• Hey Zeph, I couldn’t agree more! There’s actually an entire article waiting to be written on that topic as well:) Cheers, neroli

  • That was one of the most eye-opening articles I’ve read on Yaro’s blog in quite a while… thanks for writing and sharing it Neroli.

    Great title selection and great job! You’ve captured my interest 🙂

    • Hey Steve, glad you liked the article:) I get some help with the titles/headlines from Yaro & Steph, which is great as I’m still learning what makes a really good one! Cheers, neroli

  • The other two people who stopped to listen knew enough about the music being played to have an appreciation for the violinist’s ability to do so with such grace and finesse.

  • We all know perception is important to determine value. The price of your product or service is another element that can affect how its value is perceived. Contrary to what some may advice, pricing something too low can lead a perception of low quality for example.

    • Hmm, this is a tricky one…I’m about to launch a book on Amazon & apparently the way to go is to set a very low price just to begin with…I was very wary of doing this due to lowering people’s perceived value of the book…but after further research and consideration, it works just for the strategy we’re playing with for this particular launch. I’d always be careful with it though. Cheers, neroli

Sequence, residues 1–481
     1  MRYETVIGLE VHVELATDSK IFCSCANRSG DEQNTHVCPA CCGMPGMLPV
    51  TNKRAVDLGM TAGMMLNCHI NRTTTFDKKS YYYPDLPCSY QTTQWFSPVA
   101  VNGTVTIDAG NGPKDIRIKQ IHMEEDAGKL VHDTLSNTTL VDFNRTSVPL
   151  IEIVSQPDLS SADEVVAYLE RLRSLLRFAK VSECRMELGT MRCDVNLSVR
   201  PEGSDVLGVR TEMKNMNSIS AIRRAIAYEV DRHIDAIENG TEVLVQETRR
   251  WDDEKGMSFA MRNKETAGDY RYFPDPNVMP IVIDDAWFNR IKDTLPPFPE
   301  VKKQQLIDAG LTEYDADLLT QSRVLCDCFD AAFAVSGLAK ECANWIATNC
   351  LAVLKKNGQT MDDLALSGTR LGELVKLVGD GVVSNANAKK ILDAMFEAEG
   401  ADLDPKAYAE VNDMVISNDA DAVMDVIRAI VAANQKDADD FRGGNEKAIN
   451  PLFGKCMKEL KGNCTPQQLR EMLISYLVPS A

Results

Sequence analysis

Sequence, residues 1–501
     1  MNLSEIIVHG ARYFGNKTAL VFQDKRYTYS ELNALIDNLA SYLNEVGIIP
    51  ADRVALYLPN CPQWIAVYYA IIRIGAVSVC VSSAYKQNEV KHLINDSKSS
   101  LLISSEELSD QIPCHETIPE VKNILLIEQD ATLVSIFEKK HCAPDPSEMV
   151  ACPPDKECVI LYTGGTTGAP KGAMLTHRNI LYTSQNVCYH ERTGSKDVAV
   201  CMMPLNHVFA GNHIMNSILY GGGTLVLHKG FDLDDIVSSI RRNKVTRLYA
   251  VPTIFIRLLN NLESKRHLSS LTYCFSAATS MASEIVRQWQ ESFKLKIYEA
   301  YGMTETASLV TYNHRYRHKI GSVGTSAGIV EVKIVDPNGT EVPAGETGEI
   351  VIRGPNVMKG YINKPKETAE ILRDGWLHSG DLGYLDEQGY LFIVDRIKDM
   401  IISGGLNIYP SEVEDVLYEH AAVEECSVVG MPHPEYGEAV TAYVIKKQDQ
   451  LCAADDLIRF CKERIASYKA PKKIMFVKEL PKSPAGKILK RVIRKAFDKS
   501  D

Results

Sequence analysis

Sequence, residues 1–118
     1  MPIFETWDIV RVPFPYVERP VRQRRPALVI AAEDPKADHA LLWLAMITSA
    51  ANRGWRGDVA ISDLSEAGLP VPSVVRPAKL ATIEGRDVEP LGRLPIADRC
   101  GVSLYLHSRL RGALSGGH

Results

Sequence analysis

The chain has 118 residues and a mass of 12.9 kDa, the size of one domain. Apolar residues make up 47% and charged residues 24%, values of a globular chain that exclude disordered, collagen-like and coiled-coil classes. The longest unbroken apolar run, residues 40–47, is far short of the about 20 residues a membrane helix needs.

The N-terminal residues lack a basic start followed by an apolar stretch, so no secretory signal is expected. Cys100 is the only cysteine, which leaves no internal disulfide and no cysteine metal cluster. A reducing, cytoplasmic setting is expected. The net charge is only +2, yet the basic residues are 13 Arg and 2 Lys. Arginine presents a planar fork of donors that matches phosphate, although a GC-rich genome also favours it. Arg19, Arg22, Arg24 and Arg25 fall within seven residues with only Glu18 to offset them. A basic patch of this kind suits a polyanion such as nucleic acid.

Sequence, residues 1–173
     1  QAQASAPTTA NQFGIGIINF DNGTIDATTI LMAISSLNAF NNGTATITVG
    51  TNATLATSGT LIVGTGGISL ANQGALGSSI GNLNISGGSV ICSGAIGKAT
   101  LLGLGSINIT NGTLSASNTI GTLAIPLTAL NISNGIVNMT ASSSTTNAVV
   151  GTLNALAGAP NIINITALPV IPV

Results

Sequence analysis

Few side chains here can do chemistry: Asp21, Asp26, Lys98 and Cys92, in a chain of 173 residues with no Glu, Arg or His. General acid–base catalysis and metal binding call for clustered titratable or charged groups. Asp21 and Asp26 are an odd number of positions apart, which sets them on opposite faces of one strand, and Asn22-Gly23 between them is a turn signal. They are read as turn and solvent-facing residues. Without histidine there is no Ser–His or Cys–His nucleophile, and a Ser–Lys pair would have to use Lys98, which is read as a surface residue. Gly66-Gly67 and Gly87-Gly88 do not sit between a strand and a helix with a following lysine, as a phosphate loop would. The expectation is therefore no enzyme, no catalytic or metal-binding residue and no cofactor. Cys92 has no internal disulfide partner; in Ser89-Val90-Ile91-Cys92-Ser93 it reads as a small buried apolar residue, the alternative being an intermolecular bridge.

• Wow, some really good things to think about. Thanks for the great tips!!

    A lot of businesses lack perception on account of not applying to it to the business plan. It’s something that definitely needs to well thought of, after all it is how the public will perceive your company!

    • Yep – it’s a funny game we’re all paying with perception…but it amazes me how big a deal it is! cheers, neroli

  • I guess this is the same as applying for a job. Without your superb resume, you can only get good salary but if you have it filled with experiences from good companies, you’ll probably have the best salary.

    • Yeah, it is like that hey GB? I’ve worked on a contract basis at one of Australia’s premier art galleries for 7 years, and I know that really makes a difference when i’m going for things within the same industry…even if it’s not related to the arts industry, just having the experience from such a well known & well respected business seems to work in my favor. Cheers, neroli

  • Ted

    perceptions=Big Hat no Cattle

  • Some good points! The anecdote about the violinist is very interesting and does indeed make you think about perceived value. There a scene in the Simpsons I believe, where they go to a theme park and there is MASSIVE queue. They join the queue on the assumption that it must be for something amazing if it’s THAT long. It turns out to be the toilets. 🙂